Rick Barry gives free advice
BY DAN CAHILL November 29, 2012 8:47PM
NBA Hall of Famer Rick Barry shows off the form that made him a 90 percent free-throw shooter, third all-time. | Dan Cahill/Sun-Times Media
Updated: January 1, 2013 6:38AM
The Los Angeles Lakers have lost eight games by a total of 65 points. Dwight Howard has missed 75 of his team-high 157 free throws. Do the math.
“How do you live with yourself if you can’t shoot 80 percent from the free-throw line,” said Hall of Famer Rick Barry, who underhanded his way to making 90 percent of his foul shots, third all time. “Think about it — you get to miss one out of every five.”
Barry was in Chicago on Thursday to speak at a lunch on behalf of the National Basketball Retired Players Association, a non-profit group of former players headquartered here that undertakes several philanthropic and charitable initiatives. Who better to have on your board of directors than the man who owned the “charity stripe” with his underhand toss?
Barry said he was close to helping Shaquille O’Neal when he was with the Lakers and struggling with his free throws.
“He would have won more titles; he would have been the go-to guy at the end of the game,” Barry said. “It would have been a joke how dominant he would have been.”
So why have we not seen an NBA player since Barry try the underhand method?
“I don’t understand why guys don’t want to do it,” he said. “Ego? When I was growing up, I would get teased because girls shot that way. Well, girls don’t shoot that way anymore.
“Why in the world would you not try anything humanly possible to make a higher percentage of free throws? It’s the only constant in the game. Everything else in the game, somebody is trying to prevent you from doing it. Nobody is trying to prevent you from this. Same size ball. Same distance to the basket. Same size basket. How in the world can you not repeat it?”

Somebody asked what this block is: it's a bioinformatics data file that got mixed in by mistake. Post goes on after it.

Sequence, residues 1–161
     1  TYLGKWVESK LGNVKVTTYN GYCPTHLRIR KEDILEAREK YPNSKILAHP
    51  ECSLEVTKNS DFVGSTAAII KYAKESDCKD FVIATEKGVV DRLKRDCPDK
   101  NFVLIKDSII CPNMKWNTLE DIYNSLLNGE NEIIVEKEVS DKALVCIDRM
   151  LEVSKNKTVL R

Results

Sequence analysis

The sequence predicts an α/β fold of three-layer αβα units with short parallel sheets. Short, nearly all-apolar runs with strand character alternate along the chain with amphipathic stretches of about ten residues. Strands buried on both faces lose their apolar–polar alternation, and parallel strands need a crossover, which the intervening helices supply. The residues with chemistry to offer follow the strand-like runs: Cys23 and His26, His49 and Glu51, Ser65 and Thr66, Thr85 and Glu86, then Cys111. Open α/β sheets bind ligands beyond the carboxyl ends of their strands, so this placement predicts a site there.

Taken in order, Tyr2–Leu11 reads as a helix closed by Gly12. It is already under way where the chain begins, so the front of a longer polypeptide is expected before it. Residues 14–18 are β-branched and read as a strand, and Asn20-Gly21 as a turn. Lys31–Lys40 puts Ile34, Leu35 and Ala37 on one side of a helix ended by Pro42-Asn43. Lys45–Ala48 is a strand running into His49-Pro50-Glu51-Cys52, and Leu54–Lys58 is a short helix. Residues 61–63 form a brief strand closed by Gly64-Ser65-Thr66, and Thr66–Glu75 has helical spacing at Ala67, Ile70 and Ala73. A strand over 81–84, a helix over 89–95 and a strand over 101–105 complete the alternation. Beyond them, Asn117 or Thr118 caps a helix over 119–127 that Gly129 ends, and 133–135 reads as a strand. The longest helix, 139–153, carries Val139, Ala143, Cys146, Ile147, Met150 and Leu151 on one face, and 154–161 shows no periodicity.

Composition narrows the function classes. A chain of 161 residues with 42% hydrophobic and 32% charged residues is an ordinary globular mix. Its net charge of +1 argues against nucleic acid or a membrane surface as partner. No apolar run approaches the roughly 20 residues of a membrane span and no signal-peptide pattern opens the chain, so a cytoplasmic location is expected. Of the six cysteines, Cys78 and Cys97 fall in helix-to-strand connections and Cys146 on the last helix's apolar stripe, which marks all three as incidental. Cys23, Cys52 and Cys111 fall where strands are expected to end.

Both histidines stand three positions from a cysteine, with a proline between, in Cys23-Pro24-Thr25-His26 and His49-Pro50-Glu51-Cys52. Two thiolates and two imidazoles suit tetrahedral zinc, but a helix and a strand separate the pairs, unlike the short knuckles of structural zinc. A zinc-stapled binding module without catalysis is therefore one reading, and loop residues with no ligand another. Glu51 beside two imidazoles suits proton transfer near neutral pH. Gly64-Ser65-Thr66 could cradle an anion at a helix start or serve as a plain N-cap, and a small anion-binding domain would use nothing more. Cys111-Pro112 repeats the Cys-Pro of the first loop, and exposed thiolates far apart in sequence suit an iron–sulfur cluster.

Barry said he had a chance encounter with Bulls center Joakim Noah a few years ago and was able to offer instruction on his jumper.
“His shot was brutal,” Barry said. “I don’t know if he remembers, but he was like a different person shooting. I said, ‘Now you have a shot.’ Before that, it was a gamble.” Dan Cahill
Thurl Bailey (right) looked younger than the nearly 30 years that have passed since his North Carolina State team shocked the nation and Phi Slamma Jamma Houston with its upset in the 1983 NCAA title game. Bailey, who’s on the board of directors for the National Basketball Retired Players Association, was in Chicago on Thursday to speak on behalf of the charitable organization. Bailey said the Wolfpack team recently reunited to film an ESPN “30 for 30” that will premiere in March on NCAA Selection Sunday. The 15-year retired NBA player talked about the legacy of N.C. State coach Jim Valvano during “Jimmy V Week.”
“He wasn’t just a coach to us; he was a great mentor,” he said. “He could motivate anybody. As you look at what he accomplished in life, and now what he’s accomplished in death, that’s an incredible human being.”
The question is, should he sign it “Richard” or “Robert’’? Hall of Famer Richard Dent will be signing his new book, Blood, Sweat and Bears, from 3 to 4:30 p.m. Saturday at the Book Stall in Winnetka, 811 Elm St. The book covers his concussions, the Bears’ vaunted defense and his bumpy relationship with coach Mike Ditka, who would sometimes mistakenly call his defensive end “Robert.”
If Michael Jordan and his cargo shorts aren’t good enough for La Gorce Country Club in Miami Beach, that suits the Bulls great just fine.
“No problem!!” he texted ESPN Chicago about a New York Post report that Jordan won’t be invited back to the club after he refused to change out of cargo shorts.
“I’ve been there many times, and no one told me a thing,” Jordan said. “Then all of a sudden, they come to me on the 11th hole and say I can’t wear cargo shorts. Wow! The round is almost over, and you want me to buy shorts now? Yeah, right!!”